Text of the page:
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Onderstaand artikel is gepubliceerd in / Published in: Commerce, 12-9-1987      

Operation Flood

Non-governmental organisations behind controversy

by:
Malcolm Subhan

BRUSSELS

Any major development project in the Third World is likely to arouse controversy, if only because there is no agreement on the basic question: What is development? (Not everyone equates development with economic growth, for example). But in the absence of agreement on such a key issue there can be no agreement on development strategies either.
It is hardly surprising, therefore, that Operation Flood should be at the centre of a contoversy in India. What is more surprising, is to find the European Community (EC), and more especially its executive arm, the European Commission, caught up in the controversy.
Of course the Community has been a major contributor since 1970. Nearly two-thirds of the funds put at the disposal of Operation Flood have come from the counterpart funds generated by the sale of the skimmed milk power (SMP) and butteroil supplied by the EC as a gift. The second largest donor, the World Bank, is well behind the EC, having so far provided a quarter of the funds made available for Operation Flood.
The controversy over Operation Flood might not have erupted in Brussels, and certainly not with such force, but for a number of non-governmental organisations. Development NGOs, and there are literally hundreds of them in Western Europe, are non-profit organisations, financed by voluntary contributions from the general public.
They span the political spectrum, although most NGOs are left-wing or have a left-wing image. Most are active in the field, where they asually engaged on small, localised projects aimed at grass-roots development. On the whole, their impact on official policy towards developing countries is slight.

Many European NGOs have been opposed to food aid, mainly on the ground that it depresses local prices and therefore discourages local farmers

By their very nature all development projects are something of a gamble. Non-government organisations, in fact, try to increase the chances of success by only backing micro-projects. For major donors like the Commission their final decision must be based on political as much as economic considerations.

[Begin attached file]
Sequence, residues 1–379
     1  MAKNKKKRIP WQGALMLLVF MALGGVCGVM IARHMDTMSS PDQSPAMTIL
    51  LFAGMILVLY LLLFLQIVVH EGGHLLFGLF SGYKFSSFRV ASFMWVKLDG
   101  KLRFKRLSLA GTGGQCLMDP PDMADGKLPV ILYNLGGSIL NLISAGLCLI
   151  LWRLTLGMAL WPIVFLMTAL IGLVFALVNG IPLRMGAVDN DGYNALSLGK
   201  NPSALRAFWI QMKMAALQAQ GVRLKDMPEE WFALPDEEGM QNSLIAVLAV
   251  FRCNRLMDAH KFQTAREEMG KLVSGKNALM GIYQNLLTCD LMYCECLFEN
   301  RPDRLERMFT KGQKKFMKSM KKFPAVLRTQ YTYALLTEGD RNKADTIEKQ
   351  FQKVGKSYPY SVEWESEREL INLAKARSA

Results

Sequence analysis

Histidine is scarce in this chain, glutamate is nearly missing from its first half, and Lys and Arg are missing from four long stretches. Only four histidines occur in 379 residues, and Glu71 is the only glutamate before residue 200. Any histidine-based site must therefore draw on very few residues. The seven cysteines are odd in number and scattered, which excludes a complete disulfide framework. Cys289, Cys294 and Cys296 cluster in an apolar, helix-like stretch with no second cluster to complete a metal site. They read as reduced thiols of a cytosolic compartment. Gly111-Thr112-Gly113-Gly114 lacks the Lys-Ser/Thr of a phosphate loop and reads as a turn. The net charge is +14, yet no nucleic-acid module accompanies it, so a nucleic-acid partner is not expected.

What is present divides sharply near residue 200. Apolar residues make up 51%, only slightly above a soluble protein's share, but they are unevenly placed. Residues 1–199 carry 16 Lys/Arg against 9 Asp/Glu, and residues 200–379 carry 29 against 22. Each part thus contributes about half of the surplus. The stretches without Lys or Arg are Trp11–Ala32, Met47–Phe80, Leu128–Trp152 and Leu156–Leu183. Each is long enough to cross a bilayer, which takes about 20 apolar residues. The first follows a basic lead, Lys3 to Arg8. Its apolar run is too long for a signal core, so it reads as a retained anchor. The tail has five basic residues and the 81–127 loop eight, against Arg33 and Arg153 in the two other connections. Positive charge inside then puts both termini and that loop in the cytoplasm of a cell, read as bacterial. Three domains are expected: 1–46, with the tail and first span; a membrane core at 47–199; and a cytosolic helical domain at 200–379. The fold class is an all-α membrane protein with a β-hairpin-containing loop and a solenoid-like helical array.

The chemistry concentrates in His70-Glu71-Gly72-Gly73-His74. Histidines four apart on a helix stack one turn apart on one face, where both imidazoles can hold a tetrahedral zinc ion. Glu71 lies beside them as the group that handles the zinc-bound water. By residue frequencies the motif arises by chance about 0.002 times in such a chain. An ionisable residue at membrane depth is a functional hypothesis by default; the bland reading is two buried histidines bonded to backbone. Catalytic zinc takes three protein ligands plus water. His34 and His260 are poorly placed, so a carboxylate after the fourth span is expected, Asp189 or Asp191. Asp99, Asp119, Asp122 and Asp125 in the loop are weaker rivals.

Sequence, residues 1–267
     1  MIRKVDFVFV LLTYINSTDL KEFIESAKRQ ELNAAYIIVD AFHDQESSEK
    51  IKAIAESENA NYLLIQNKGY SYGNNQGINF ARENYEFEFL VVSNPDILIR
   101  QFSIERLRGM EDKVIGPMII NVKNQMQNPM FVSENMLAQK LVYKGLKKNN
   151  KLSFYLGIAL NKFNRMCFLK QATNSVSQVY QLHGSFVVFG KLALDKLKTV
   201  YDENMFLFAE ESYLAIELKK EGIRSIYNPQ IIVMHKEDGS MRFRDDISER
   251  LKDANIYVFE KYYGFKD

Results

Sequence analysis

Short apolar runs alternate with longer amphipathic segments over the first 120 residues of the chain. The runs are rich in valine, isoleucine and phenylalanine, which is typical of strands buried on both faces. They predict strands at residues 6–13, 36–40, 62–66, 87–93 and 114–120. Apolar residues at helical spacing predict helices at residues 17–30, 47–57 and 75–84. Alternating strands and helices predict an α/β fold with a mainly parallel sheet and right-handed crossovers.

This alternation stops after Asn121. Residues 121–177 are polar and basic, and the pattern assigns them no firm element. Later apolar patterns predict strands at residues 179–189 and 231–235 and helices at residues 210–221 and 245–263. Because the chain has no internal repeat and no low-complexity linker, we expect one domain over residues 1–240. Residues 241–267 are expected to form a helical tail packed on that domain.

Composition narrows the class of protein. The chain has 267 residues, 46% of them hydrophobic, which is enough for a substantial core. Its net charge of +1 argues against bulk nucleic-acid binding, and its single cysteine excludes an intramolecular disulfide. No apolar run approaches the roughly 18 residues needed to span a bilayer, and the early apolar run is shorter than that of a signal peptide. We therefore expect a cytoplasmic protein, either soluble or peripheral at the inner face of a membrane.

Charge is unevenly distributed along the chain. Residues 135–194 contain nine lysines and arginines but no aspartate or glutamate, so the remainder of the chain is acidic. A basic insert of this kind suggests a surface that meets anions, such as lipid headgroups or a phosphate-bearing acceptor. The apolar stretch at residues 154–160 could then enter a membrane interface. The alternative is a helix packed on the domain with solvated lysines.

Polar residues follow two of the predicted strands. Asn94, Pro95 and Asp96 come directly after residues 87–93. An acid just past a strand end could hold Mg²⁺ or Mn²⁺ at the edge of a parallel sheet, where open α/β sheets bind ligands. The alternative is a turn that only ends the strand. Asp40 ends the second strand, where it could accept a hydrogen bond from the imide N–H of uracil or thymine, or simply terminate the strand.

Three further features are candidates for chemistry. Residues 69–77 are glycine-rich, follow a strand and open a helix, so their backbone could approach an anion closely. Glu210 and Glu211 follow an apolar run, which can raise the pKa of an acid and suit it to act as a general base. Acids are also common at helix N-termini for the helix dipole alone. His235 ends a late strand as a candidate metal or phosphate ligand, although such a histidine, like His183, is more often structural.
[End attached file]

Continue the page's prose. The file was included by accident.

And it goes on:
from growing more themselves. It is, therefore, significant that when, in 1977, the European Commission sought the authorisation of the Community's member governments to continue supplies of SMP and butteroil to Flood II, it stressed that food aid would be used, for the first time, to support a vast rural development project.
In a resolution supporting the Commission, the European Parliament expressed the view that "this form of food aid... also pursues long-term development goals, particularly the improvement of rural structures." Since then the European Commission has frequently cited Operation Flood as a good example of the use of food aid for development purposes, and expressed its readiness to help other developing countries duplicate it.

Failing on both counts
The Commission might have secured governmental and Parliamentary approval for Community aid for Flood III just as smoothly as it had for Flood II but for the NGOs, whose hand was strengthened by a seminar on Operation Flood held in 1984. Sponsored by the Institute for Social Studies in the Hague, it included Indian critics of Operation Flood. The choice of subject matter apparently was dictated by the Institute's concern that a development project widely regarded as fostering social equality and avoiding dependence was failing on both counts - as studies conducted by its own social scientists had shown.

Had the NGOs, prominent among them the India Committee of the Netherlands, a non-fund raising voluntary organisation "in solidarity with the oppressed in India," confined themselves to pressing the Europan Commission to end its support for Operation Flood, they probably would have made little impact. Mr. Claude Cheysson, the European Commjssioner directly involved, is highly regarded in official circles, as one who is in sympathy with the aspirations of developing countries and enjoys their trust. He is the author, after all, of the original Lome Convention and, more recently, architect of the European Communuty' s policy towards Central America.
Mr. Cheysson could have shrugged aside NGO - and academic - criticisms of Operation Flood. A strong-willed personality, he is not in the habit of tolerating outside criticism. Not for the first time, he could also have ignored the critics of Operation Flood among his officials. He could simply have asked the EC member governments and European parliament to authorise continued food aid for India - i.e. shipment of SMP and butteroil for Flood III - especially as the World Bank seemed ready to support Flood III.
There are a number of reasons why this path was not followed. One of the most important was the attitude of the European Parliament. The NGOs have been pressing the members of the European Parliament (MEPs) for the last two years to demand an end to further Community aid for Operation Flood. And enough of them have lent an attentive ear to force the issue into the open in Brussels, where the EC's decision making apparatus is centred.